Dr Sheikh Showkat, law professor at the Central University of Kashmir, Srinagar, says that the Bill intends to perpetuate several aspects of the Disturbed Areas Act and AFSPA. “It gives powers to the police to act on its own in so many situations when, at present, it is supposed to act on the orders of the magistrate. It empowers the police to declare certain areas as SSZ and treat them the same way as a disturbed area is treated by the state at present,” he said. 

The SPOs are civilians trained to fight anti-insurgency operations and provided with arms and ammunition. They are paid a monthly salary by the state government where they are deployed. In July 2011, the Supreme Court had directed the central government not to use SPOs. The government had approached the court, requesting it to change the order as it was using SPOs in several states and not using them would create problems. The court, in November, said the order applied to Chhattisgarh only, allowing Jammu and Kashmir and other states to use SPOs.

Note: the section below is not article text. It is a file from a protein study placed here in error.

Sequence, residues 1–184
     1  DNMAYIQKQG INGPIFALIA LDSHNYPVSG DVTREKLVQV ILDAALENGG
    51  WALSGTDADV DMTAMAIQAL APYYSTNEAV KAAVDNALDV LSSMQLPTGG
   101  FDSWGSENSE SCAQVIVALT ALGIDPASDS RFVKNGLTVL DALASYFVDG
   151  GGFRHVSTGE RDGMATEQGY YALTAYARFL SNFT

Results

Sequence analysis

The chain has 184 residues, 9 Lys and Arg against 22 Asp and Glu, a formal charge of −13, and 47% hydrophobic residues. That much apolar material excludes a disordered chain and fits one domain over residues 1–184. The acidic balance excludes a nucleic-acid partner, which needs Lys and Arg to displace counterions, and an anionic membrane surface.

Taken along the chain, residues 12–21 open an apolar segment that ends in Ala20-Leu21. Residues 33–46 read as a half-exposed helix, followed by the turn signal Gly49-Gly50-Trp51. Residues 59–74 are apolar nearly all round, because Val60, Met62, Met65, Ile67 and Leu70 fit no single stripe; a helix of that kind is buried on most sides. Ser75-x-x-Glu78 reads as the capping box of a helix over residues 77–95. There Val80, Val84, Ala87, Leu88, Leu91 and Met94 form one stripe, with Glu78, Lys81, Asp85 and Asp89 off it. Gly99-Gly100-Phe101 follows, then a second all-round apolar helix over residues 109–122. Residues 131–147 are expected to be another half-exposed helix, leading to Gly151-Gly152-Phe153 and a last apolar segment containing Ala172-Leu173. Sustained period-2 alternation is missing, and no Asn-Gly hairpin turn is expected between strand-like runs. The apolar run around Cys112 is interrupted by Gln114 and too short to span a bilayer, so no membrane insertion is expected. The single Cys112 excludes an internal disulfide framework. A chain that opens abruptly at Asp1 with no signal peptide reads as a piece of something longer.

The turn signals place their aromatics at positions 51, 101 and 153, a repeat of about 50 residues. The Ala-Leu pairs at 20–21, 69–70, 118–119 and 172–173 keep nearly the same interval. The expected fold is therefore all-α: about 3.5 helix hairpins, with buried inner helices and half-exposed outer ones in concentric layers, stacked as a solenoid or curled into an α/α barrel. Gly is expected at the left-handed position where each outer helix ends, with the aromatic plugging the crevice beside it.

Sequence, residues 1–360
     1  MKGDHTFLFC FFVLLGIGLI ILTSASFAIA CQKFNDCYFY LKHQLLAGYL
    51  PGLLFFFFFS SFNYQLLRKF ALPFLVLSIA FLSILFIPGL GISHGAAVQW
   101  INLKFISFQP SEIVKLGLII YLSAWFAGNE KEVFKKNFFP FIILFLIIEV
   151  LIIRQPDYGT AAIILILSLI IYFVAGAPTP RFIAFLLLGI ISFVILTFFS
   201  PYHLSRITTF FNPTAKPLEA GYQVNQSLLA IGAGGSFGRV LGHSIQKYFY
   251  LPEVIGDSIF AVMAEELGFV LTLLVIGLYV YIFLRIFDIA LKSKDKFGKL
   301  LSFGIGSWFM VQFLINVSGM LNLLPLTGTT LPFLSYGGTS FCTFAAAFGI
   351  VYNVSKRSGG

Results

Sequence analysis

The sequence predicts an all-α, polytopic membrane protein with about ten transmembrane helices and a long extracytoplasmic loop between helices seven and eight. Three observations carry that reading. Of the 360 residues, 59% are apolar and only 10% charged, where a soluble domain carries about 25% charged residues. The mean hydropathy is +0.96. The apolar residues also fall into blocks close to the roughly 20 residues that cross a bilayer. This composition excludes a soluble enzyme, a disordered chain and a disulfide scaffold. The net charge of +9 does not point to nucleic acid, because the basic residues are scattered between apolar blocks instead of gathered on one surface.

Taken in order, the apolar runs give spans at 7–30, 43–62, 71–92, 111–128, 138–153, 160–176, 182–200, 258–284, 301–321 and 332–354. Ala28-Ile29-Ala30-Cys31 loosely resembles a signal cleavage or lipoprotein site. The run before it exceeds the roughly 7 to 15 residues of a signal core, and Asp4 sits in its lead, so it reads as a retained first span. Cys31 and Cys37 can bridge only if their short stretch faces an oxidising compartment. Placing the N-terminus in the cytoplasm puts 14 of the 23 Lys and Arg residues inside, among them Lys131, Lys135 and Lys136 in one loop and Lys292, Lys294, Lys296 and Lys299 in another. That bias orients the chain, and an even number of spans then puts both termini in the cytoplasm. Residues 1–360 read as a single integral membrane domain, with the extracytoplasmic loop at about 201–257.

A police structure and a suitable command, control and response system for each SSZ can be created. Such zones can ban or regulate the production, sale, storage, possession or entry of any devices, equipment or inflow of funds, if considered a threat to internal security or public order. The police can lay down a Standard Operating Procedure which will be followed by it in these zones.

According to another section of the Bill, any police officer shall lawfully interfere and stop any ongoing offence or an offence likely to take place in his presence or vicinity. “For this purpose, he may lawfully demand and accept the services of any able-bodied adult person in the place and no person shall disobey, without reasonable cause, the lawful and reasonable directions so given by the said officer present at
the place.”